Two occurrences brought about the final act: the hugely successful film Sideways (2005) and, the year before that, sideways-movieWEB.jpgrecognition by Robert Parker that great Pinot Noir was coming out of the Santa Rita Hills. Of course, time has taught us that all those BIG flavors associated with SRH tend to get buried a few years later by the high alcohol levels. But the film’s cachet will bring new interest and support to SRH for decades. Sideways made several other careers (along with about 100 winemakers in Santa Rita Hills) including Paul Giamatti and Sandra Oh as well as breathing new life into the careers of Virginia Madsen and Thomas Haden Church. Oh yeah…and the movie pushed Pinot Noir as a cult wine beyond Cabernet Sauvignon and almost killed off Merlot as a varietal. Bigger than Oscar!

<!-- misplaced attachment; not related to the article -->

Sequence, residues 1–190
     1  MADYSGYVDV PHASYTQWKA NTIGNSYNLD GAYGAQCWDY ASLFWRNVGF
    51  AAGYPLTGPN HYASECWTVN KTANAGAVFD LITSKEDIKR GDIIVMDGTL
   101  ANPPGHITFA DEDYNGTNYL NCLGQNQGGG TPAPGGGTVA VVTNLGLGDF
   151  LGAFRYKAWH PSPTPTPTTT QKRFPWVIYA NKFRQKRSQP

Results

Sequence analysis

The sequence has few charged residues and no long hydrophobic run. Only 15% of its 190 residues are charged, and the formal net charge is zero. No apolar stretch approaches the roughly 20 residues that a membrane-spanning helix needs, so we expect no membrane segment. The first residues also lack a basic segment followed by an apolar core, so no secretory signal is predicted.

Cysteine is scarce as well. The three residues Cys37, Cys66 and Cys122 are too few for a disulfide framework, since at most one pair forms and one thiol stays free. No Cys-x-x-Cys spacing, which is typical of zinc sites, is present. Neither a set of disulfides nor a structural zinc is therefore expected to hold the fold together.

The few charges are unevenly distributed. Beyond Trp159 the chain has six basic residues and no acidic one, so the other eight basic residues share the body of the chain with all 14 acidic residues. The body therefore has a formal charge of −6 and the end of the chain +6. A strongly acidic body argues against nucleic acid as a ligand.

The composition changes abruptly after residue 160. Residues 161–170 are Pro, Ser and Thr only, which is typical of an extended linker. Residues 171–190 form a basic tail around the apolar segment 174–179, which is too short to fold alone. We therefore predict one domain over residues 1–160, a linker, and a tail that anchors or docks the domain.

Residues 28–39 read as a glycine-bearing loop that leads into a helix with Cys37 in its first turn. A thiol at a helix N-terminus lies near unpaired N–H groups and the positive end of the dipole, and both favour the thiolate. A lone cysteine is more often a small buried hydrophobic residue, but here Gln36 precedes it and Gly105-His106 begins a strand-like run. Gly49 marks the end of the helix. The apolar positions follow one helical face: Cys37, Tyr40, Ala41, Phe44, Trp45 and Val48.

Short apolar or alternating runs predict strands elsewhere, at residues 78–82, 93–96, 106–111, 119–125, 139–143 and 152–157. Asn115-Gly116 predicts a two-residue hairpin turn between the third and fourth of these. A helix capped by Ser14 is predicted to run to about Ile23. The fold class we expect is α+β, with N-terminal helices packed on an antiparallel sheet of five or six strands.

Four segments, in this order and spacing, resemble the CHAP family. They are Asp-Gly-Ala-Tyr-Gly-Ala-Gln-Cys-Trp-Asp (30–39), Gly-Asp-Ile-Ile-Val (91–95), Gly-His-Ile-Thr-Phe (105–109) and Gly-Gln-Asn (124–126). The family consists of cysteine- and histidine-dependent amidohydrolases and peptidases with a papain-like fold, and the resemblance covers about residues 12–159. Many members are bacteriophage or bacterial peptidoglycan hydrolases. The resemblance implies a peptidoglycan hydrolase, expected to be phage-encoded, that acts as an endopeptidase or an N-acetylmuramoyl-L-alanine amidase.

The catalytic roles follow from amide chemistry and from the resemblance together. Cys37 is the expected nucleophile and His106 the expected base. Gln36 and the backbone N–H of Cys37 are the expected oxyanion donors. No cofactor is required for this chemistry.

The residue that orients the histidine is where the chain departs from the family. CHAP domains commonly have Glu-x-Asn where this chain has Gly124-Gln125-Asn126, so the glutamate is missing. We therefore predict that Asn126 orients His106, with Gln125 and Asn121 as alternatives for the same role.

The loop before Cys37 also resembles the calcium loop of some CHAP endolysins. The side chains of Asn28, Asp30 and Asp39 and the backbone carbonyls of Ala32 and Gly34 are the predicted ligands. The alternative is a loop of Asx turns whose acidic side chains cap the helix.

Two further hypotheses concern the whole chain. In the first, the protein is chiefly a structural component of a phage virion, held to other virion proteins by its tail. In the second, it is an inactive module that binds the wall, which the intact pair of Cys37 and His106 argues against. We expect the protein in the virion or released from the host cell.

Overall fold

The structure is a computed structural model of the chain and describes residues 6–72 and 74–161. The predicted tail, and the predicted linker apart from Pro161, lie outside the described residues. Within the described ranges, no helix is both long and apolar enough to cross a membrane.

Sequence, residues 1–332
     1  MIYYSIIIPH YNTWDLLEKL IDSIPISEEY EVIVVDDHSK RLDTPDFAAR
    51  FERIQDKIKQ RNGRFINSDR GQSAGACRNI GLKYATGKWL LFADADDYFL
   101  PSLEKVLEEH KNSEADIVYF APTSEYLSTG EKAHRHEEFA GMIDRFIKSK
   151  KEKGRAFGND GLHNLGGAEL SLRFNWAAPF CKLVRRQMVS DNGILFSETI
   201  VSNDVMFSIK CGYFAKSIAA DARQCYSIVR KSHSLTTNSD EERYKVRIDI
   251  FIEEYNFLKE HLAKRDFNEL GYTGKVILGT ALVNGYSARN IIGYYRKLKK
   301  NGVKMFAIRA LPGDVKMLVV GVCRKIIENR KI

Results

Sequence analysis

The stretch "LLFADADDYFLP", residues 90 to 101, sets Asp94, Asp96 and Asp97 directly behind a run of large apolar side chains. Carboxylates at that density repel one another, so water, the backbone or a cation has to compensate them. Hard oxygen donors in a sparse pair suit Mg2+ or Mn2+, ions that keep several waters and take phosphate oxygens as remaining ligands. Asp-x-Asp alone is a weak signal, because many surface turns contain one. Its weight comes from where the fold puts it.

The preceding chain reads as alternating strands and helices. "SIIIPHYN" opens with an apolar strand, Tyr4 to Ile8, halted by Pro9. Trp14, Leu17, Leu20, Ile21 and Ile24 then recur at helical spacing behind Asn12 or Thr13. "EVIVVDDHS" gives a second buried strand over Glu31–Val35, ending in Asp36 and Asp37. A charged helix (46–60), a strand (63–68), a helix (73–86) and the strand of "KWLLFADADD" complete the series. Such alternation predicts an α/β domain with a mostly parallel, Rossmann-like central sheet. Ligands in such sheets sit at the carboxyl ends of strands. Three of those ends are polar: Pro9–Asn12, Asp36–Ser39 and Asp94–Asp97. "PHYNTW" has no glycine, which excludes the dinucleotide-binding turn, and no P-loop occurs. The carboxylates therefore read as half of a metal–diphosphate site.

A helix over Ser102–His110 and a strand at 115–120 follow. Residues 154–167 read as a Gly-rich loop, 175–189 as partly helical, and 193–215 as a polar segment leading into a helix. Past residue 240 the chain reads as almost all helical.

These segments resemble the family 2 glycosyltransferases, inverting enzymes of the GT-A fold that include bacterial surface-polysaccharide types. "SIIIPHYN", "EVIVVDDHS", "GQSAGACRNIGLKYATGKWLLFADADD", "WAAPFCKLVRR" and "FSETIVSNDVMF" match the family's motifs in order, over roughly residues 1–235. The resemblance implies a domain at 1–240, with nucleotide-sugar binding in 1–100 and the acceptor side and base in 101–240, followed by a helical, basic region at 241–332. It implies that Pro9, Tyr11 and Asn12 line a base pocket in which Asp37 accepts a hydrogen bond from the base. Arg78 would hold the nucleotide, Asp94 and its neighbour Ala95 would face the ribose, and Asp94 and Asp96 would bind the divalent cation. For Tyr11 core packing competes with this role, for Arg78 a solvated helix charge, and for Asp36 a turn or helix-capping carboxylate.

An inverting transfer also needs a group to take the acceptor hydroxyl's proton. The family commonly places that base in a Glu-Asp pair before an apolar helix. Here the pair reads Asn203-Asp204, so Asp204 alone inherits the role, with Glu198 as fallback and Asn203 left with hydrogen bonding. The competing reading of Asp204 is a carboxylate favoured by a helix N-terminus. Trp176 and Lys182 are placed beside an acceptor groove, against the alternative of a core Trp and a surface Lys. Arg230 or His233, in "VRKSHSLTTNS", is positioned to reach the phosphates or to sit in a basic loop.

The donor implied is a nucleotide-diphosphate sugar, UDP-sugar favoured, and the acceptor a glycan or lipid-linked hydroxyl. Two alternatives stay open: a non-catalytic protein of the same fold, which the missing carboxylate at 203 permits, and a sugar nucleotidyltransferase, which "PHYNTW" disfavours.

The PIWF is still fresh. Unrecognized outside the region, and to an extent in the region, it is definitely under-valued. Like the old Wine Cask Futures gig once was, the PIWF is a great place to discover new winemakers as well as to track progress among a selection of small producers. In fact every producer is small since the PIWF limits wineries who are allowed to compete in the blind jury selection to those producingno more than 2500 cases annually. As a result many of the wines that win a spot in the room have less than 200 cases in total. Long as this criterion is in place you can be assured of making “discoveries” every year.
And the food is really good, too, with many of Portland’s best known and regarded restaurants showing off. Some of the most memorable food tastes were dished out by Beaker & Flask, Phresh Organic Catering, Wildwood Restaurant and Moonstruck Chocolates. [ed. photo of our favorite server at top].